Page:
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Explore This IssueFebruary 2014
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For More Information
- To learn more about or apply to RhMSUS, visit www.rheumatology.org/RhMSUS or contact RhMSUS@rheumatology.org.
- For information or to register for one of our MSUS educational courses, visit www.rheumatology.org/education or contact email@example.com.
- For billing and coding assistance, visit http://www.rheumatology.org/Practice/Office/Coding/Coding/ or contact Melesia Tillman, CPC, CPC-I, CRHC, CHA, at (404) 633-3777 or firstname.lastname@example.org.
Many members have asked what our “grand plan” might be for the coming year. My answer is easy: The ACR’s 2013–2016 strategic plan will guide our work in the year that I serve as president and for the next two years as well. From time to time, I will report in this column about our progress in achieving the ACR’s strategic goals.
I would like to focus this month on how the ACR’s Musculoskeletal Ultrasound Certification in Rheumatology program (RhMSUS) aids in the overall goal of developing tools to address evolving payment reforms, increase practice efficiency, and improve quality of care.
Musculoskeletal ultrasound (MSUS) is a modality that has been shown to have many potential benefits for diagnosing and treating patients with rheumatic conditions. RhMSUS supports physicians and health professionals by demonstrating their expertise in using this tool.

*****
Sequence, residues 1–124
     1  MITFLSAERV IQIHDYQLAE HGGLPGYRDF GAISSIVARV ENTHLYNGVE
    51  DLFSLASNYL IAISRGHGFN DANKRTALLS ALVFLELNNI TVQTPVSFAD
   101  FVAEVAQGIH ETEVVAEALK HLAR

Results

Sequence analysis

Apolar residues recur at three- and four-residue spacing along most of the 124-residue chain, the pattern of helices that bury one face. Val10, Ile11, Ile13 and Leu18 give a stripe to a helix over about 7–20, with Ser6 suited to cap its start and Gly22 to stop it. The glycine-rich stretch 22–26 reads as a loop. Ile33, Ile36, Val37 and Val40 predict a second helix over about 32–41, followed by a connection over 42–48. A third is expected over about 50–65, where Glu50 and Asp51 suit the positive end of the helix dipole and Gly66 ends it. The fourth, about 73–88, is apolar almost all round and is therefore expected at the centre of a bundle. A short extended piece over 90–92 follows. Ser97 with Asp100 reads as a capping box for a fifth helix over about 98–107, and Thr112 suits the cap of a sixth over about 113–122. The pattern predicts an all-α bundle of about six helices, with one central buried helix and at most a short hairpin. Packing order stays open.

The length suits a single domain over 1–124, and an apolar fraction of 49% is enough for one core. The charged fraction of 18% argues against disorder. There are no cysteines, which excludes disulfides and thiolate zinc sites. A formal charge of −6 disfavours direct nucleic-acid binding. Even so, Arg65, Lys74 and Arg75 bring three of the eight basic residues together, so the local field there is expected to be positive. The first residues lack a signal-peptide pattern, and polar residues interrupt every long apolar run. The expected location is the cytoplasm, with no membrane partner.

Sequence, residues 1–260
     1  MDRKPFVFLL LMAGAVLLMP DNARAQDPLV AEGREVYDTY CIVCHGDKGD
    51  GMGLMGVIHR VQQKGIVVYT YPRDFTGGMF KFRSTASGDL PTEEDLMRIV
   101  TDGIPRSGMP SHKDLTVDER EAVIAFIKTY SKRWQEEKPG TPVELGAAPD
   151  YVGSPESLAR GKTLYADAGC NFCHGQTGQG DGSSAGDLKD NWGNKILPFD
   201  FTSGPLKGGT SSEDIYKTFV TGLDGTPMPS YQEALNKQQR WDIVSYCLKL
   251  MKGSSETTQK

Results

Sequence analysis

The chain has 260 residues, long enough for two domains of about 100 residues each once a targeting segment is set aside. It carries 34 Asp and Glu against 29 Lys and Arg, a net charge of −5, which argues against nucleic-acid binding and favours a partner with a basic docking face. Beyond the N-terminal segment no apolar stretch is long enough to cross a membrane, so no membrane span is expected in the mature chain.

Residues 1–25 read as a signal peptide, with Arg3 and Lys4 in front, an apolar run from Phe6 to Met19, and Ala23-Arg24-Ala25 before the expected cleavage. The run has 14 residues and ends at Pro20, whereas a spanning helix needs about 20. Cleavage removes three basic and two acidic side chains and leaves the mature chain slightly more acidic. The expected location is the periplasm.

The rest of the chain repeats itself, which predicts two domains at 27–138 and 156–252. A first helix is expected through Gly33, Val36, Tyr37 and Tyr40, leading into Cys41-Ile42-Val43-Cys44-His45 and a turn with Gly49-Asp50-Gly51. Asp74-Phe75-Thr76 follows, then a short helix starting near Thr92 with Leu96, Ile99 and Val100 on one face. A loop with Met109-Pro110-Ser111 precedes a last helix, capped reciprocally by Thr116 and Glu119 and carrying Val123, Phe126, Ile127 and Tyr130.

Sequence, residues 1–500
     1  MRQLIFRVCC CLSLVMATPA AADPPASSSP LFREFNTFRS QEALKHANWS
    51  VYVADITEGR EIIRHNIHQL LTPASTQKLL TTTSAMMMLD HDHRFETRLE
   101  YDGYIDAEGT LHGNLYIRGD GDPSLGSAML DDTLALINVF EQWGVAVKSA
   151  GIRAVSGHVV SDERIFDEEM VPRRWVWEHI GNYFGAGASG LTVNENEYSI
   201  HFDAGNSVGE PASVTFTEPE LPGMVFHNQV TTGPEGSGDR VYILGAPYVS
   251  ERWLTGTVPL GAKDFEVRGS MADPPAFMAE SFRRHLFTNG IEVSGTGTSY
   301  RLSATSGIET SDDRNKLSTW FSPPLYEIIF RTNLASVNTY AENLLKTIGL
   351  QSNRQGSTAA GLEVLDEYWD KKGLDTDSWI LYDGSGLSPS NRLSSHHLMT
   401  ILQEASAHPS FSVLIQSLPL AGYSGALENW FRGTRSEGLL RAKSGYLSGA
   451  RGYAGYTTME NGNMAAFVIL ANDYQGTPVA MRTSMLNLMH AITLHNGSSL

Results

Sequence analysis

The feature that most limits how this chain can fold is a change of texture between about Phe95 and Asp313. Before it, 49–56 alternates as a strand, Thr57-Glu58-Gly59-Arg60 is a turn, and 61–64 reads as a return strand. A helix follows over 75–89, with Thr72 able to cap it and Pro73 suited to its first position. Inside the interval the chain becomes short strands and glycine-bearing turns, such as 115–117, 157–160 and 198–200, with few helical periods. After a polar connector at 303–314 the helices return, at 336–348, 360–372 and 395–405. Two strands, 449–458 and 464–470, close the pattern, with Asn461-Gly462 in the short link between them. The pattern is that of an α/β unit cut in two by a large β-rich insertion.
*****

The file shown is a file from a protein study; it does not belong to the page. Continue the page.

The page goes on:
How RhMSUS Came About
MSUS has been part of an imaging revolution in rheumatology. Over the past several years, it has been more widely adopted by rheumatologists and health professionals in their care of patients in the U.S., even though it has been used in other parts of the world for many years. Studies have shown the potential benefits of MSUS include faster and more accurate diagnoses, optimized treatment, and improved needle placement accuracy. However, the integration of MSUS into rheumatology practice has also raised questions regarding training, education, reimbursement, utilization, competence, certification, and accreditation.
As part of the ACR’s commitment to Advance Rheumatology!, we gathered experts to examine these questions and provide recommendations regarding the ACR’s role in MSUS. I participated in this exploration as the board liaison to the ACR’s Musculoskeletal Ultrasound Certification Task Force from 2010–2011. I can tell you firsthand that the process of determining whether the RhMSUS program was necessary was not a short or easy one, but a labor of extreme care, consideration, and importance to the ACR.
The ACR’s exploration of certification began in 2010 with the release of the American Institute of Ultrasound in Medicine (AIUM) Training Guidelines for the Performance of Musculoskeletal Ultrasound Examinations. Along with the training guidelines, AIUM developed an accreditation program for MSUS. However, AIUM only accredits the practice or institution, not the individual practitioner, and the program is intended for MSUS in general, rather than its application in rheumatology.